Retail sales in the UK unexpectedly climbed by 0.2% in July compared to the previous month, even after retail industry bodies had warned of a dire month for the sector.
The boost was mainly driven by growth in online and non-store retailing, which surged 6.9% compared to June, the strongest growth in three years.
There was also an unexpected turnaround for department stores. After six consecutive months of decline, sales at those retailers rose by 1.6% in July, according to the Office for National Statistics (ONS).
But other retailers suffered: Sales declined by 0.2% at textile, clothing, and shoe stores and by 5.4% at household goods stores.
There was only “modest growth,” said Rhian Murphy of the ONS, in the three months to the end of July, during which sales jumped 0.5%.
Sales had climbed by 0.7% in the three months to the end of June.
The data is still a surprising boost for the UK economy, in part because the British Retail Consortium had suggested that July was the worst month for retailers since records began.
Compared to the same month in 2018, growth in retail sales in July came in at 3.3% — well-above market expectations of 2.6%.
Internet sales increased by 12.7% compared to July 2018, with Murphy noting that “strong online sales growth on the month was driven by promotions.”
The figures come amid growing recession fears. Though analysts had been confident that the UK would be able to avert falling into negative growth, the ONS last week revealed that the economy shrunk by 0.2% in the second quarter of the year.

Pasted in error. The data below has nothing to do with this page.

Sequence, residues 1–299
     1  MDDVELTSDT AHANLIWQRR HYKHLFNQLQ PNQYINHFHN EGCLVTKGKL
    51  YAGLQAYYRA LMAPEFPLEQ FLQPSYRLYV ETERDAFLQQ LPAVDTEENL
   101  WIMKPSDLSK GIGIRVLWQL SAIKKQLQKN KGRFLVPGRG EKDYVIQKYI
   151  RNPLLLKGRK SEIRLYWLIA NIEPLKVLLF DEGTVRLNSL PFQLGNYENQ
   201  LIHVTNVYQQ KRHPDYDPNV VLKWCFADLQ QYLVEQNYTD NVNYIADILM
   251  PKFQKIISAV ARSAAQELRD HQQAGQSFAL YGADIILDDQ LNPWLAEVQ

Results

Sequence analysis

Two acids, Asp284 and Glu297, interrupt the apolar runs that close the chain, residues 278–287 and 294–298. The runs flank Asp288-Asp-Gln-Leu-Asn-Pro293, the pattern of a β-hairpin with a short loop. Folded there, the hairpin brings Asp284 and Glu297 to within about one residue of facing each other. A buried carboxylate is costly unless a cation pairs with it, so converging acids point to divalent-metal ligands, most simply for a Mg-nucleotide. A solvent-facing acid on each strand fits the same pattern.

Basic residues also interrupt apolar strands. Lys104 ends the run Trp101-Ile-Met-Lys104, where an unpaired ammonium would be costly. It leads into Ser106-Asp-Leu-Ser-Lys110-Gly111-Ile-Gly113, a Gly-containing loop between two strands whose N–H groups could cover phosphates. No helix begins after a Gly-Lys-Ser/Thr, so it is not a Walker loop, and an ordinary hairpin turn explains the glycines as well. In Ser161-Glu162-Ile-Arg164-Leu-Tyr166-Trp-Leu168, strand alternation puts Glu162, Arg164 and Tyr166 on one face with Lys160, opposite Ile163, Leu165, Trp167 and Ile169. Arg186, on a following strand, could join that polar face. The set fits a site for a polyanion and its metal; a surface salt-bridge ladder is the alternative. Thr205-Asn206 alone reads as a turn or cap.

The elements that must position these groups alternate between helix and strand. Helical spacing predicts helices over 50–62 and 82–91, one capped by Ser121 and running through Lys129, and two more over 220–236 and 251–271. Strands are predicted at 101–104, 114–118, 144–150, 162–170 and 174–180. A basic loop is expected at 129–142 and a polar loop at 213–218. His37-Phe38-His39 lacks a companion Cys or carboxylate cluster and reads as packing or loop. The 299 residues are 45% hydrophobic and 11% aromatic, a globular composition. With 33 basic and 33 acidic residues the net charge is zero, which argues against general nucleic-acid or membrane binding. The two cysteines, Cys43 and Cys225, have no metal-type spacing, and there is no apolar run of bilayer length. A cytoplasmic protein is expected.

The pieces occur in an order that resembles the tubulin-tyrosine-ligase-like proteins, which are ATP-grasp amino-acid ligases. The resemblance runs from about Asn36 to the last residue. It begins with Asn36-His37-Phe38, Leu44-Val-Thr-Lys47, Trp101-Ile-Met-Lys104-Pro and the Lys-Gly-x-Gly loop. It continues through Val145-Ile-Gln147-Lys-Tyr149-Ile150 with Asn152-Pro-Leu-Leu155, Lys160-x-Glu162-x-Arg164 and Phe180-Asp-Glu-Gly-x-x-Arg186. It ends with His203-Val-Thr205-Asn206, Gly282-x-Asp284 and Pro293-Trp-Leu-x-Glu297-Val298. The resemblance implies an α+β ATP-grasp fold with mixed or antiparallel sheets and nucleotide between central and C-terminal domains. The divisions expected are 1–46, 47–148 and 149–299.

“The UK consumer continues to show impressive resilience to the slowing economy and political uncertainty, with retail sales figures for July topping estimates,” said David Cheetham, chief market analyst at XTB.
“This is the sixth time this year that monthly figures have been better than expected.”
On Tuesday, stock markets around the world plunged after a key investing metric — the yield curve — turned negative for both the UK and US for the first time since before the 2008 financial crisis.
A negative yield curve is seen as a harbinger of recession, and weak economic data from across the world has only added to fears.
The pound had its worst month since October 2016 in July, mainly prompted by growing fears of a no-deal Brexit.
Earlier in August, the currency plunged below $1.21 (GBPUSD=X) for the first time since January 2017. The pound climbed 0.24% on Thursday, to $1.208, following the retail figures.